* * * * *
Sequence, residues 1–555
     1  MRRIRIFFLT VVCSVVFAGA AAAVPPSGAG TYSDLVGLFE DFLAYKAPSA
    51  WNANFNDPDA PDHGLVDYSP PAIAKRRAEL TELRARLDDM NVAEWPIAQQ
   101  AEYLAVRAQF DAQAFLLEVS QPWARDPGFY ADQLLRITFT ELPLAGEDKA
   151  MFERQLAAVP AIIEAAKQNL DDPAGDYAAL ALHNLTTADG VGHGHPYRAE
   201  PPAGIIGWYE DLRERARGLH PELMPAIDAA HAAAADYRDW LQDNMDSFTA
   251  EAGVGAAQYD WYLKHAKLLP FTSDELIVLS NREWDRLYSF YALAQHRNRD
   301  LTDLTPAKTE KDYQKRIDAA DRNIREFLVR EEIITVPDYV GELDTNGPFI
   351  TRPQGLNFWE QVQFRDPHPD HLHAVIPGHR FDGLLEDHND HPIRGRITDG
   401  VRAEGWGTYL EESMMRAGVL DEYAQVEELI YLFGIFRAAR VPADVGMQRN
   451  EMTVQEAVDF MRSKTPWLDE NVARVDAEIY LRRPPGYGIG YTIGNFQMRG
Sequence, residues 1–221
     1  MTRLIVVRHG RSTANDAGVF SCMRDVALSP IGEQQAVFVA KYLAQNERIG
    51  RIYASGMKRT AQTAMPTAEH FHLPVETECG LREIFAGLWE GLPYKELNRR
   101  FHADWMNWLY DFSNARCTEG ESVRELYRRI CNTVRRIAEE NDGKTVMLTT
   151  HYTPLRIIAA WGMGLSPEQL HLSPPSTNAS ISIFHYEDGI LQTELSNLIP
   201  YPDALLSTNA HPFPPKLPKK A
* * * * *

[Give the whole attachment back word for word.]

Sequence, residues 1–555
     1  MRRIRIFFLT VVCSVVFAGA AAAVPPSGAG TYSDLVGLFE DFLAYKAPSA
    51  WNANFNDPDA PDHGLVDYSP PAIAKRRAEL TELRARLDDM NVAEWPIAQQ
   101  AEYLAVRAQF DAQAFLLEVS QPWARDPGFY ADQLLRITFT ELPLAGEDKA
   151  MFERQLAAVP AIIEAAKQNL DDPAGDYAAL ALHNLTTADG VGHGHPYRAE
   201  PPAGIIGWYE DLRERARGLH PELMPAIDAA HAAAADYRDW LQDNMDSFTA
   251  EAGVGAAQYD WYLKHAKLLP FTSDELIVLS NREWDRLYSF YALAQHRNRD
   301  LTDLTPAKTE KDYQKRIDAA DRNIREFLVR EEIITVPDYV GELDTNGPFI
   351  TRPQGLNFWE QVQFRDPHPD HLHAVIPGHR FDGLLEDHND HPIRGRITDG
   401  VRAEGWGTYL EESMMRAGVL DEYAQVEELI YLFGIFRAAR VPADVGMQRN
   451  EMTVQEAVDF MRSKTPWLDE NVARVDAEIY LRRPPGYGIG YTIGNFQMRG
Sequence, residues 1–221
     1  MTRLIVVRHG RSTANDAGVF SCMRDVALSP IGEQQAVFVA KYLAQNERIG
    51  RIYASGMKRT AQTAMPTAEH FHLPVETECG LREIFAGLWE GLPYKELNRR
   101  FHADWMNWLY DFSNARCTEG ESVRELYRRI CNTVRRIAEE NDGKTVMLTT
   151  HYTPLRIIAA WGMGLSPEQL HLSPPSTNAS ISIFHYEDGI LQTELSNLIP
   201  YPDALLSTNA HPFPPKLPKK A